The announcement of Egypt's State Awards received little attention this year, reports Nevine El-Aref
Although the scene at the Supreme Council of Culture (SCC) was exactly as it has always been, the State Awards ceremony did not receive much attention this year. While members of the SCC committee gathered to select the 2012 state award winners, and journalists were in an adjacent meeting room following the voting process on an LCD screen, the newly elected Egyptian president Mohamed Morsi caught all public attention as he was being sworn into office before the Supreme Constitutional Court. All Egyptians were at home in front of their TVs, listening to Morsi's speech after the oath, unaware of what might be happening at the SCC.
Even the minister of state of antiquities Mohamed Ibrahim, who headed the SCC meeting as acting minister of culture following the resignation of Saber Arab a few days ago, left the meeting immediately after the greeting ceremony to attend Morsi's speech at Cairo University, a process that took four hours, before he returned to participate in the voting and announce the winners. Later that day Ibrahim criticised the absence of concrete and clear criteria according to which the SCC committee could select the State Award Winners. It is in fact an issue that was frequently raised in previous years âê" to no avail.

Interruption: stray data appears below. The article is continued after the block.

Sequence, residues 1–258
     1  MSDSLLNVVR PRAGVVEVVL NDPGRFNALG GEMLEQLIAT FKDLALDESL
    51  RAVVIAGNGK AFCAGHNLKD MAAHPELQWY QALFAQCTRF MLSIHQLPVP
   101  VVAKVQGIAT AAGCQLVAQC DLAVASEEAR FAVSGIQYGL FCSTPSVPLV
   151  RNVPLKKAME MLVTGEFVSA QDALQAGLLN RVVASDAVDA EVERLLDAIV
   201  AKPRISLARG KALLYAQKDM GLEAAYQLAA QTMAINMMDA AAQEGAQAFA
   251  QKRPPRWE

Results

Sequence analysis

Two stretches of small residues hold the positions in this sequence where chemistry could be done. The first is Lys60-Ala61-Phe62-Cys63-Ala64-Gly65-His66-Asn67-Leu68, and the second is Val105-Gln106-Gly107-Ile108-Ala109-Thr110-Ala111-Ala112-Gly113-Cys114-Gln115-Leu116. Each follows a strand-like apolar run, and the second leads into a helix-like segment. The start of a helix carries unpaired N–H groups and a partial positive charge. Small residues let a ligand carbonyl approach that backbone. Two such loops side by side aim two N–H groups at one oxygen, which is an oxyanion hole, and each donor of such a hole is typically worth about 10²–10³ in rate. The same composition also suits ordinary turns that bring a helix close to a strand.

The SCC's first voting session began with a minute of silence in commemoration of three SCC members who passed away last year: former Secretary General of the Supreme Council of Antiquities (now the MSA) Gaballa Ali Gaballa; and renowned writers Anis Mansour and Khairy Shalaby. Six hours later, the voting completed, the winners of the State Awards in science, arts, literature and social science were announced. There are four classes of award: the Nile Award (LE 400,00), which was named the Mubarak Award prior the revolution; the State Merit Award (LE 200,000); the State Distinction Awards (LE 100,000); and the Incentive Awards (LE 50,000).
The meeting this year saw three stumbling blocks. The first took place early, before the members voted on who to replace Ibrahim to lead the session until his return. But finally Fawzi Fahmi won the majority of voters. Debates during voting led to the withholding of a large number of Awards âê" 20 Incentive; 6 Distinction and one Merit âê" because no candidate received the required number of votes. The third came up at the end of the meeting, when most members expressed their anger against withholding the awards âê" describing it as an insult to the SCC, the cultural and intellectual sphere, even a direct accusation to Egypt that it has dried up and no longer produces creators.